The opening title track launches you into space.... My goodness how small the earth is from out here! It's so tranquil, so gentle, so beautiful. Nothing but pure harmony: piano, ambient synthesizer and that wonderful voice. The last few bars, with the light tinkling keyboard and buzzing synths (violin strings?), is wonderful: reminds me of the voyager spacecraft flying through the Saturn rings. That's where "Shepherd Moons" were discovered (From memory a Shepherd Moon is a moon that holds the rings of a planet together by it's gravity. However, I remember a counter-argument at the time of Voyager II's flight by Saturn, that it may also cause some anomalies in the rings - stray wisps of dust or tiny bends in the ring structure).
'Caribbean Blue' is an up-tempo little number. Chirpy, optimistic and strangely very motherly (I can't think of any other word than that). In the background, does that sound like a strumming acoustic guitar? It certainly seems to be. In the foreground is the staccato 'plucking-string' sound which was successfully used in 'Storms over Africa' in WM. Here rhythm is dominant, rather than harmony. One can almost dance to it - has a certain swing. An obvious candidate for a single.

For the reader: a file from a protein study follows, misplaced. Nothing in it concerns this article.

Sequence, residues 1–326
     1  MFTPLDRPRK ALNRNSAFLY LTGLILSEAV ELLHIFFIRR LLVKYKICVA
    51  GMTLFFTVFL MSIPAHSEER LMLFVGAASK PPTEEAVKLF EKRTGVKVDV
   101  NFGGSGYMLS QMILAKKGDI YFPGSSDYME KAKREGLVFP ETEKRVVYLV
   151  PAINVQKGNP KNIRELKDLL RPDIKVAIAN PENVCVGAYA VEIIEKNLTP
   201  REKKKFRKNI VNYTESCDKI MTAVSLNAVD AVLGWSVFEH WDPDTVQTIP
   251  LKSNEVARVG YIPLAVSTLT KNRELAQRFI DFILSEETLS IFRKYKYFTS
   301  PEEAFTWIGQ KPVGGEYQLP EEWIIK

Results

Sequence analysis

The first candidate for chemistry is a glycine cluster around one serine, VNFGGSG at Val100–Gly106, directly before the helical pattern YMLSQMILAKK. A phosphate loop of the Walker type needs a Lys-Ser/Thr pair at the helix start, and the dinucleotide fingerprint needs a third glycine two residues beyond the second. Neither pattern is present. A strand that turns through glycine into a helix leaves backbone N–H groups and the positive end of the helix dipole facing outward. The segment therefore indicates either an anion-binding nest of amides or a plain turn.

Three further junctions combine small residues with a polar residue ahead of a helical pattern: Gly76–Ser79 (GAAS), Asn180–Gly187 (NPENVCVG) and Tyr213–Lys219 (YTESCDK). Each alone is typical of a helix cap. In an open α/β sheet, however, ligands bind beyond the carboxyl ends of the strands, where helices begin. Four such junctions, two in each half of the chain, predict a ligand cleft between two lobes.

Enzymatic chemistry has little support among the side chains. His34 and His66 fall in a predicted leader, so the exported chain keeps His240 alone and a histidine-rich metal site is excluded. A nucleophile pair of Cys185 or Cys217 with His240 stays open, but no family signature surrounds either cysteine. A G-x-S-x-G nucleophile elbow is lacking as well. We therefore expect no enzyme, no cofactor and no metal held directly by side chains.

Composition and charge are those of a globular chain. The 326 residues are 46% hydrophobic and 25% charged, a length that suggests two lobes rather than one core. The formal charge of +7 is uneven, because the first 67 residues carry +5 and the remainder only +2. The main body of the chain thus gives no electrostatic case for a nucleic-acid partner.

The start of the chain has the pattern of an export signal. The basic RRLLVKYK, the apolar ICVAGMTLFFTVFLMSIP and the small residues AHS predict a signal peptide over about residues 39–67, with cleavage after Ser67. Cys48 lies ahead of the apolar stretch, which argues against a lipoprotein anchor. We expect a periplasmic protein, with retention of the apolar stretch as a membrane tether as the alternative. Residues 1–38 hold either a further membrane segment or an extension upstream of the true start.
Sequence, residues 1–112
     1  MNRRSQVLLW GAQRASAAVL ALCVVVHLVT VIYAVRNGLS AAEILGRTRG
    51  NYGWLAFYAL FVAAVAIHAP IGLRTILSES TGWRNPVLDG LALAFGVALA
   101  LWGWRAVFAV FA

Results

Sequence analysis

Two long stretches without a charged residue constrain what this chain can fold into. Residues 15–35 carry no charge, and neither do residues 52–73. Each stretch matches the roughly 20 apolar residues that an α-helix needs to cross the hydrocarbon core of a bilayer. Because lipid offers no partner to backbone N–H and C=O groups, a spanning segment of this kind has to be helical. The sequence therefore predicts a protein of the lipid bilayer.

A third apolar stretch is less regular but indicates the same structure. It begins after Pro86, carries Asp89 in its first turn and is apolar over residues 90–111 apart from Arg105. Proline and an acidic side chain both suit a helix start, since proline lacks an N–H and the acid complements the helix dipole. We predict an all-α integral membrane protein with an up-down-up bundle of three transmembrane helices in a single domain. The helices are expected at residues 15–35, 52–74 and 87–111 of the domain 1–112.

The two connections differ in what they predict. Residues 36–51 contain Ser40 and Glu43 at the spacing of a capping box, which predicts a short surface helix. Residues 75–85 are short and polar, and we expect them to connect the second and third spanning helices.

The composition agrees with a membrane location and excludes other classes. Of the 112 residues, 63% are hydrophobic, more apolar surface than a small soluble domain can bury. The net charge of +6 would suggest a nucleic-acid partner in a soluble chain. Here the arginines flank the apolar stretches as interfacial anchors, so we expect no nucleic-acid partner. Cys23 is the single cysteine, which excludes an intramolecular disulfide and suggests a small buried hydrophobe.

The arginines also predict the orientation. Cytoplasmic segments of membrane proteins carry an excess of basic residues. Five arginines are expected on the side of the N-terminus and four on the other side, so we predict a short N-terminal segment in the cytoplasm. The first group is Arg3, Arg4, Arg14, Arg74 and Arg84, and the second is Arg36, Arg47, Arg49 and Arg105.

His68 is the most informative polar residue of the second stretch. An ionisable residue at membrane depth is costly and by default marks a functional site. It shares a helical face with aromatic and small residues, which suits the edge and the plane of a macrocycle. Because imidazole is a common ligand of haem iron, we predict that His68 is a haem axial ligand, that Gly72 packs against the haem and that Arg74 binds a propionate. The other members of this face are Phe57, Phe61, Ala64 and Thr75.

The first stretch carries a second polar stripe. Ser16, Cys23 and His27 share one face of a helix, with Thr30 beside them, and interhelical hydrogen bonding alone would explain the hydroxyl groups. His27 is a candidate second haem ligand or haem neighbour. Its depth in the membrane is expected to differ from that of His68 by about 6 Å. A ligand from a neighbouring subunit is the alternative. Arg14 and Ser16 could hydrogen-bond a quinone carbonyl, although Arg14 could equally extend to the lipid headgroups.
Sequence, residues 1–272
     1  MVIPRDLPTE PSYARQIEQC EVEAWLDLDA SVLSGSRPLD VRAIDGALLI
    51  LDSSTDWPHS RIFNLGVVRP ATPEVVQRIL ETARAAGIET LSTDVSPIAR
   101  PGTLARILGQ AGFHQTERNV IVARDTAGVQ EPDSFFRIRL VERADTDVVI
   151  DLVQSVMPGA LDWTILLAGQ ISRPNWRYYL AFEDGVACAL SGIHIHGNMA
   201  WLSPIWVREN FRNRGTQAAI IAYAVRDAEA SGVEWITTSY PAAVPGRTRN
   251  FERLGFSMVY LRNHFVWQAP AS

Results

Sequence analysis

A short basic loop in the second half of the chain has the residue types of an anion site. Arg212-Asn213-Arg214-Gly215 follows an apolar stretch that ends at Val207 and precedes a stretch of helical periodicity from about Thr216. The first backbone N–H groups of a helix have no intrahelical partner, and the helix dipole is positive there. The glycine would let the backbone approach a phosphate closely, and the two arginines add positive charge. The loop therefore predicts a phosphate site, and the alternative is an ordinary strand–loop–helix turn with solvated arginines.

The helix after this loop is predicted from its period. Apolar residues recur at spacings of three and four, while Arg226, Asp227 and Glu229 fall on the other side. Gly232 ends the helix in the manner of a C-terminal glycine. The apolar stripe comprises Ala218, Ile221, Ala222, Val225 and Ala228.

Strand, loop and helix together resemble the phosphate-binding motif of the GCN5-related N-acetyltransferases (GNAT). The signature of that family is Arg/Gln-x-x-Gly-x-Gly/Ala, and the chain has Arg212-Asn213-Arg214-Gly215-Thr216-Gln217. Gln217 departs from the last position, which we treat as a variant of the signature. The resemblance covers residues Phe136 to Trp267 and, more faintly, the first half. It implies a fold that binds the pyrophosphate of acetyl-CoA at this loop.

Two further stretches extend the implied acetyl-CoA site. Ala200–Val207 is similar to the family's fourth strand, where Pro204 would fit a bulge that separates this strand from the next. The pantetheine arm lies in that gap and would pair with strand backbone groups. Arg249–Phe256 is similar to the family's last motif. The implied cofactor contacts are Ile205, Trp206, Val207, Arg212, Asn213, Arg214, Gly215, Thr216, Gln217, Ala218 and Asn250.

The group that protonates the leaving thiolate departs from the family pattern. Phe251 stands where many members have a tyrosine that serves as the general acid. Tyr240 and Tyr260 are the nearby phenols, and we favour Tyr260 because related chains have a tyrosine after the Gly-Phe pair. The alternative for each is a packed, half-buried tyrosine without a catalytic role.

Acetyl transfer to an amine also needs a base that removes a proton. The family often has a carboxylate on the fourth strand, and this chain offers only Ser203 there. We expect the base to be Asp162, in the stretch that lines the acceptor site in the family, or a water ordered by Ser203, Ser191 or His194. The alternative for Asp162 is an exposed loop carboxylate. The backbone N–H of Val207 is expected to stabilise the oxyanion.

'How Can I Keep From Singing?' is a traditional arrangement, a gentle, simple folk song: very Celtic in its delivery. Sometimes, I feel, she seems to be singing too much over the music. Maybe that's something I'm not used to. The song ends fading to a light, yet restrained harmony. It is as if the story is to be continued...
'Edubæ' is a dark but noble song - straight from Savannah of Africa. But I love how the Gaelic language is used. It sounds, so, so,.... African! I have no idea what the lyrics are about, but it really goes well with the booming bass keyboards. Behind is slow, thoughtful percussion performed by Nicky and Enya.